Obviously, President Obama has had a tough weekend, what with a terrorist attack on a major ally and then a long flight to Turkey for the G20, so I suppose we can give him a pass on his foot-stomping tantrum this morning at the world summit in response to questions about how the US will respond to a freshly motivated Islamic State.
But why would we do that?
Although the attacks in Paris came just hours after the President claimed ISIS was “decapitated” and “contained,” and although even liberal allies in the New York Times and elsewhere are calling for a greater focus on defeating, not just controlling the advance of ISIS on the Arab penninsula, Barack Obama spent most of his first G20 press conference insisting that there would be no change to US policy.
“We play into the ISIL narrative when we act as if they are a state and we use routine tactics used to fight a state that is not a state,” Obama said using the alternative name for the terrorist group. “That’s not what is going on here. These are killers with fantasies of glory.”
Last month, White House announced that the U.S. will send a small number of U.S. special operations forces into Syria as part of a strategy shift in Syria. Obama and his administration have come under mounting pressure amid signs the anti-ISIS coalition has stalled or at least failed to turn the tide against the militants — including the recent Pentagon decision to abandon a failed program to train and equip Syrian rebels.
The problem, of course, is that ISIS isn’t a stateless force – at least not in the same way Al Qaeda was. ISIS has designs on bringing about the Caliphate and from there, the apocalypse, and for that, they need to control significant territory across the Middle East. One of ISIS’s biggest beefs with Al Qaeda is that it focused too much on harming the West, but without an ultimate end game. ISIS has that end game. And something tells me that another “Syrian rebel” force, like the ones we were trying to arm and train earlier (to no avail), is going to do much to stop them.
The President, though, is insisting that his theory of controlling and containing ISIS is working, which is weird when you consider that it seems to have, demonstrably, failed miserably in a spectacular way – and in a way that cost more than a hundred lives in what most thought was a safe area. Suicide bombers crossing into Western countries has long been among the biggest fears associated with fighting terrorism, since the very idea eats at the heart of Western values of freedom. The War on Terror has, obviously, been a strange and amorphous strategy, but it had, at its core, a commitment to stopping terrorists where they were before they made it over here. Barack Obama is now saying, quite worryingly, that his strategy may not allow that to be possible.
Terrorists gonna terror. Or something.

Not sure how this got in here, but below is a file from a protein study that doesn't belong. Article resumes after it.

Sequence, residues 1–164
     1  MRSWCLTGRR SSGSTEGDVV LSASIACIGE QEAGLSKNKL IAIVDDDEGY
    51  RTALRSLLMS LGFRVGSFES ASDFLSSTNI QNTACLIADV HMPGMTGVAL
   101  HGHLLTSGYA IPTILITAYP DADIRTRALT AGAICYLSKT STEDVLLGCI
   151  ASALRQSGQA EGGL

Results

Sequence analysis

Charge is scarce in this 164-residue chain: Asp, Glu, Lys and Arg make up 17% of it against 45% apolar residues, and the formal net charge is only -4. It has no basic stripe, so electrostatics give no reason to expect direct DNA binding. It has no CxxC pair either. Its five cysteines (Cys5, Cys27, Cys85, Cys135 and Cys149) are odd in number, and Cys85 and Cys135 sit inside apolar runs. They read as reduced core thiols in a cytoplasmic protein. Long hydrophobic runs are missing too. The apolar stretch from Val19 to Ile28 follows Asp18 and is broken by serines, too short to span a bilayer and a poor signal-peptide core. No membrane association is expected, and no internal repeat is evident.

He ended his presser with a very comforting, “well, let’s see you come up with a better plan” line. So at least we know he’s approaching this with all the seriousness and sincerity it deserves. Oh, and by the way, he also can’t understand why Americans, including several governors, are concerned with welcoming an influx of Syrian refugees. This, frankly, is just silly. Even if you believe that most of the refugees from Syria are, essentially, harmless, ISIS is clearly using the mass migration of people away from lands as a Trojan Horse, which means they’re driving people from their homes, terrorizing them, victimizing them, killing them, and then using them to escape into the West, victimizing them a second time. It’s not that we don’t sympathize with scared, homeless people, or that we don’t want to help them – it’s just that national security should be our primaryconcern. Obama would prefer to write off any critic of accepting refugees as a racist, a bigot, uncompassionate, but there are good reasons, especially now, to suspect that refugees need to be very carefully screened.
At any rate, maybe what Obama really needs is a nap and a snack. We’ll regroup with him after playtime and see if things go any better.
Notice to Readers: The American Spectator and Spectator World are marks used by independent publishing companies that are not affiliated in any way. If you are looking for The Spectator World please click on the following link: https://spectatorworld.com/.
That’s right, the Grinch (Joe Biden) is coming for your pocketbooks this Christmas season with record inflation. Just to recap, here is a list of items that have gone up during his reign.
What hasn’t increased? The cost to subscribe to The American Spectator! For a limited time, we are offering our popular yearly subscription for only $49.99. Lock in the lowest price of the year by subscribing today